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    Money Of The American Colonies

    1/1/1993

    Highlight: and 18.75% (instead of 20%) of a Spanish milled dollar in Philadelphia and New York, respectively, while a Spanish American two reales, as a fractional coin, would have passed at 25% of the dollar in both cities.'*® In New York in 1775 the pistareen passed for Is. 7d., New York money, while in 1793 its value was reduced to Is. 4.5d., despite the fact that the value of the Spanish milled 15d., money of account, that the Is. 3d. Virginia paper money note of 1775 carried the additional designations of “A Pistereen [sic]” and “fifteen pence.”"" At a rate of 72d. Virginia money to the Spanish milled dollar, the other fractional pape

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    Money Of The American Colonies

    1/1/1993

    Highlight: of account for the Federal government and was made equivalent to the Spanish milled dollar. Since the Spanish standard did not have a uniform value among the states’ monies of account, neither could the Continental dollar.’® Because the Continental Congress had a permanent base in Philadelphia, the finances of the Revolution were typically expressed in Pennsylvania funds where the Spanish millednental dollar were, therefore, expressed on the basis of 90 parts to the dollar. The unit of 90 supported the issuance of fractional paper money in denominations of 1/6, 1/3, 1/2, and 2/3 of a Spanish milled dollar which were equivalent respectively to 15d., 30d., 45d., and 60d.,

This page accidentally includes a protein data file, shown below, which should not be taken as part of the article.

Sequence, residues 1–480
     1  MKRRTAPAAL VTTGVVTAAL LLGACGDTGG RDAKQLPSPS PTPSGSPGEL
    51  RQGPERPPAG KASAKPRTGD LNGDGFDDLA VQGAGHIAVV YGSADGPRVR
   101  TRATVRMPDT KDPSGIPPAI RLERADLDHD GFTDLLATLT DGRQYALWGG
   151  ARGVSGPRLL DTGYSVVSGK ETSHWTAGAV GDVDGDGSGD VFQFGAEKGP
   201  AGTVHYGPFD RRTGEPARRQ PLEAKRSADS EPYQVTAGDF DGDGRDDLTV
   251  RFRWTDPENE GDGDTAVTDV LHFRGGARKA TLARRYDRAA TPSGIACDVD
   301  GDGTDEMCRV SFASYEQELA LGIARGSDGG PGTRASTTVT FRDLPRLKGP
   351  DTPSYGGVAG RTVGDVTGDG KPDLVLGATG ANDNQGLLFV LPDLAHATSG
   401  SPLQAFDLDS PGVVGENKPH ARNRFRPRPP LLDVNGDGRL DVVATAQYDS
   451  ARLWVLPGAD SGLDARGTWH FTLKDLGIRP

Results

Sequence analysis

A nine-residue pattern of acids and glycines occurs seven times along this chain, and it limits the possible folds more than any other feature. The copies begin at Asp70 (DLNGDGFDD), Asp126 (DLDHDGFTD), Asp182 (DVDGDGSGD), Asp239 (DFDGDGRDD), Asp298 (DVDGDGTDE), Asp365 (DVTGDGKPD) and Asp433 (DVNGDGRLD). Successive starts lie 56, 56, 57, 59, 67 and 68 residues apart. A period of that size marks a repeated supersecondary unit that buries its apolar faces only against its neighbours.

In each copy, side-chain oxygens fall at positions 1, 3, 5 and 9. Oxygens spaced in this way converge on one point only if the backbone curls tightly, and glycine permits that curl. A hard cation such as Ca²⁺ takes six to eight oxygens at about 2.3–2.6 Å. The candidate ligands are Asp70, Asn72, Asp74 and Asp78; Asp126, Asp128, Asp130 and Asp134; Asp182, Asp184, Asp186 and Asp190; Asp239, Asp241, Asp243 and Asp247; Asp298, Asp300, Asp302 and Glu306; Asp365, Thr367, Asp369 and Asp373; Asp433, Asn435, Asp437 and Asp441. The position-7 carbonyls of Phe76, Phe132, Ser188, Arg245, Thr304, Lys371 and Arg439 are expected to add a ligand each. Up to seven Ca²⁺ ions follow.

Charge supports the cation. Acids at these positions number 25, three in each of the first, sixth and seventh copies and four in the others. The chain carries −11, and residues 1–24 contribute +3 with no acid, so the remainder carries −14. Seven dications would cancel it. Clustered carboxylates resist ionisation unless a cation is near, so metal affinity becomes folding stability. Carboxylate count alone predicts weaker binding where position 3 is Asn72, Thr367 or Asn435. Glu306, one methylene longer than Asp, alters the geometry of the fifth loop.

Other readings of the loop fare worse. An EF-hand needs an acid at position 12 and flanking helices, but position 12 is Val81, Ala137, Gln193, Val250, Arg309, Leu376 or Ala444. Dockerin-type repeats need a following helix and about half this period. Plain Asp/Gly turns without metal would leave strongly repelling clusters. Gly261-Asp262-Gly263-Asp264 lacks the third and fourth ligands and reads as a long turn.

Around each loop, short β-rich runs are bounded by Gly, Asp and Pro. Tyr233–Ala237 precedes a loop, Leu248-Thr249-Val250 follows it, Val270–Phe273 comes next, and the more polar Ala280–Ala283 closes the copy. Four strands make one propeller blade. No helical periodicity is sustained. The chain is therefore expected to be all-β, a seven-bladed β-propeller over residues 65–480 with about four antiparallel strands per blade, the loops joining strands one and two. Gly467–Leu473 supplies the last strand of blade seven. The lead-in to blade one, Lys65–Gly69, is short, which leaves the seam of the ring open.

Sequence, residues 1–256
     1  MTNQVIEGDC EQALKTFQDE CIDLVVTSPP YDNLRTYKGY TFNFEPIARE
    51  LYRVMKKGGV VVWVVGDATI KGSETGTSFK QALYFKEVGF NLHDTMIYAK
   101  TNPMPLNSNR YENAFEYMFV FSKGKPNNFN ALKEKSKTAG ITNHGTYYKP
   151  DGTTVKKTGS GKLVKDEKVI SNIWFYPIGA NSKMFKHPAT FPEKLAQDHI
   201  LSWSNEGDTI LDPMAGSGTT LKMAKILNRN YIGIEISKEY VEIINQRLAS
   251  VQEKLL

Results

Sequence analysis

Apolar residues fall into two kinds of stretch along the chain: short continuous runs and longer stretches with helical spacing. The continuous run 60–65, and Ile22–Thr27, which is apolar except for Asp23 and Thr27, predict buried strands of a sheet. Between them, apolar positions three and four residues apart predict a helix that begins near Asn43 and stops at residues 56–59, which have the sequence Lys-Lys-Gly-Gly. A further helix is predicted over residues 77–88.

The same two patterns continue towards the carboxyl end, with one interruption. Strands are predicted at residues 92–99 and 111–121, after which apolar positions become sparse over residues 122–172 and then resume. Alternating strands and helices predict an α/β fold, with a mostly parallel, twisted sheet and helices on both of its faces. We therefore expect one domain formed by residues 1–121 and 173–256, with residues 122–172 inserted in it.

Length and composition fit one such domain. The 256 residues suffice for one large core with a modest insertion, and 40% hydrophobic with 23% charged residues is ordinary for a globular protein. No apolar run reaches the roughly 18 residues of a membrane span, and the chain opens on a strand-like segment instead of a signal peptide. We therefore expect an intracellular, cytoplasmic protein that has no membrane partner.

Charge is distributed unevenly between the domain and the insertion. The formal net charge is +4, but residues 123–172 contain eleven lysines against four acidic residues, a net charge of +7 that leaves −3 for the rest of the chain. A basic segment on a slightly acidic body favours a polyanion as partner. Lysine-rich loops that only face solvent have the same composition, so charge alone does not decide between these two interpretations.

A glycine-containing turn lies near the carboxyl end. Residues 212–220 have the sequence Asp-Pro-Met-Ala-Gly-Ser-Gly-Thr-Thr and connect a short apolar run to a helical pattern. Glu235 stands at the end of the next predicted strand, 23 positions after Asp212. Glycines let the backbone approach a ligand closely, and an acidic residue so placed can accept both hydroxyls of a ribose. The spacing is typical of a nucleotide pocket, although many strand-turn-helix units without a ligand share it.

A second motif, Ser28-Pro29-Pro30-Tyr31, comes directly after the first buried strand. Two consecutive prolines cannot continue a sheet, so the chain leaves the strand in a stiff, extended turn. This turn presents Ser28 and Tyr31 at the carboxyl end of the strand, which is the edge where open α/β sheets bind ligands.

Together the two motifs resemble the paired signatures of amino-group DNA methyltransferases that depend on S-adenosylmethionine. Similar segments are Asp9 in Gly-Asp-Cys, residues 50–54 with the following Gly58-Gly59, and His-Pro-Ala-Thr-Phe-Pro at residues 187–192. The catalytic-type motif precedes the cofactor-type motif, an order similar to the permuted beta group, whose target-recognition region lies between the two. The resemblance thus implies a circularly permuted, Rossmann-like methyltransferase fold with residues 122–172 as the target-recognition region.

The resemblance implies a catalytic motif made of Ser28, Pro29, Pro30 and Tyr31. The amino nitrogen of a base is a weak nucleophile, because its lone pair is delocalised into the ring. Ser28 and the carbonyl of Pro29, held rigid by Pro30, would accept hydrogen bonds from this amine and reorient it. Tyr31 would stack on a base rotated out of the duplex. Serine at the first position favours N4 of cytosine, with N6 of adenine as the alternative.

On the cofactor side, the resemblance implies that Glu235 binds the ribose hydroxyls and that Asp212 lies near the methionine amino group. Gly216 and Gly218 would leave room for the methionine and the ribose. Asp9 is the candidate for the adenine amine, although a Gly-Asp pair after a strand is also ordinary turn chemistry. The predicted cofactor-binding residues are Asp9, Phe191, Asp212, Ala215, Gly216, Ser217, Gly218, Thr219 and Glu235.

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    The Numismatist, August 1990

    1/8/1990

    Highlight: referred to in the colonies as the Spanish milled dollar, replaced the cob pieces of Mexico in 1732. Struck by a screw press, the quality of the coin was a vast improvement over the cob pieces. The Spanish milledpheres between two columns repre- senting the Pillars of Hercules. Sur- mounting the globes was a crown sym- bolizing Spain’s authority over both the Old World and the New. The ban- ners draped around the pillars form a dollar sign with the motto PLUS ULTRA. This design remained on the Spanish milled dollar and its frac- tional parts (called “bits”) of V^, 1, 2 and 4 reales from 1732 to 1772, when it was replaced by a profile bust of the king. Today, the term “two bits,” meaning a quarter of a dollar, remains part of our language;

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    Catalogue of a private collection of colonial and continental paper money

    Highlight: Three Spanish Milled Dollars ; very fine ; very rare. .228 1777; Three Spanish Milled Dollars; entirely different orna- mental work; uncirculated; very rare. 229 1777; Four Spanish Milled Dollars; cornucopia, Mercury’s wand and Liberty cap; fine, but small piece out of border; rare. 230 1777; Nine Spanish Milled Dollars; figure of Justice, etc.; printed in blue; very fine ; very rare. 231 1778; May 4; $40; bird and hand, with dagger in lower right corner ; large and very fine note ; very rare. 232 1786; October 16; 20 sh. ; tree and hand holding the Constitu- tion in left of note; no urn at top; long note; uncirculated; exceedingly rare. 233 1786; October 16; 5 sh.; nearly same design as preceding, but has a funeral urn at top; fine; exceedingly rare.

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    Public Auction 6